Around the country, courts are focused on improving appearance rates—to move cases forward efficiently, reduce warrants for nonappearance, and increase access to justice. To help courts discover and adopt effective approaches, the (Un)warranted team at ideas42 has crafted this four-part series breaking down leading research-based practices informed by behavioral science.


Read our previous installments on court date reminders and behaviorally designed court forms.

Grace Periods

In this edition, we’re turning to a promising practice, rooted in behavioral science, that’s ripe for more courts to take up: grace periods following a nonappearance.

Think of the number of times you’ve missed an appointment or arrived late to a meeting despite your best intentions. Maybe you got stuck in traffic, or accidently overlooked the meeting among the many other events crowding your calendar. Usually, the consequences for these misses are minor—the small hassle of rescheduling. But court users who find themselves in these same situations often face steep fines and jail time that can upend their lives.

Grace periods are a simple idea: they recognize people often miss court because of simple human error or other factors beyond their control, and provide some cushion, or slack, to remedy the nonappearance. Specifically, people are given a certain amount of time to contact the court before a bench warrant is issued. That amount of time varies, and we recommend grace periods of 7-30 days in case people are managing illness or emergencies. A good rule of thumb: provide enough time for people to receive a notification (by text, email, or mail) on how to remedy the missed appearance and to follow up on it.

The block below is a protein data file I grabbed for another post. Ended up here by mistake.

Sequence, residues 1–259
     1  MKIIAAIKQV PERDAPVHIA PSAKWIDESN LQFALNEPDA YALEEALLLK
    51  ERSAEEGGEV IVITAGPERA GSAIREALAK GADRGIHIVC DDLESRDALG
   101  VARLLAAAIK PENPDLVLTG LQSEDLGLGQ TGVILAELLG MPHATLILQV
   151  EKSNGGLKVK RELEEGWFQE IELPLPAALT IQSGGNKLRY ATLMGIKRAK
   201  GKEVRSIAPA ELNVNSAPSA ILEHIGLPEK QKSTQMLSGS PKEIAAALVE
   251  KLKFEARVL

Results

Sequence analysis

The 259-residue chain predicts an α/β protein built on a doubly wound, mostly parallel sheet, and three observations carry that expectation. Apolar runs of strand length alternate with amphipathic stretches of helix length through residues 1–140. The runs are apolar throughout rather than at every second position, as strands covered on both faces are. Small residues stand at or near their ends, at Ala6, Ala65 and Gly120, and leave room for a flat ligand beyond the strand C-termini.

Implementing a grace period can cost little or nothing, and can often involve relatively simple changes to policy and procedure. In several states, grace periods already exist by statute that courts can expand or build upon.

Grace Periods in Practice

  • In Robeson County, NC, the Superior Court holds orders for arrest until the end of that session (generally until the end of the week).

  • Georgia gives those who have missed a court date on a uniform traffic citation 30 days to resolve the issue before a bench warrant is issued.

  • New York State courts must wait 48 hours before issuing a bench warrant following a nonappearance unless there is a new charge or evidence that the nonappearance is “willful.”

Top Tips for Effective Grace Periods

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Make them consistent

While unofficial grace periods given by individual judges can be helpful in specific instances, grace periods should be standardized and consistently applied across courtrooms so that all court users have the same opportunity to remedy a missed appearance.

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Notify court users so they can act

Courts shouldn’t assume that court users will know about the grace period or what to do following a missed appearance. Actionable notifications let court users know they missed court and provide clear next steps for how they can remedy the situation. The good news? Courts can use their existing reminder systems to send missed court date notifications! Courts without reminder systems can get creative: one judge we know calls and text-messages people who miss from the bench, letting them know that if they respond in time they can avoid a warrant.

Ready to explore grace period models?

Check out the National Guide to Improving Court Appearance for more in-depth guidance and examples of grace period policies. And reach out to our team at unwarranted@ideas42.org if you’re interested in setting up a grace period and measuring the impact for your court!

Last in the series coming soon: improving appearance among court users with outstanding warrants.

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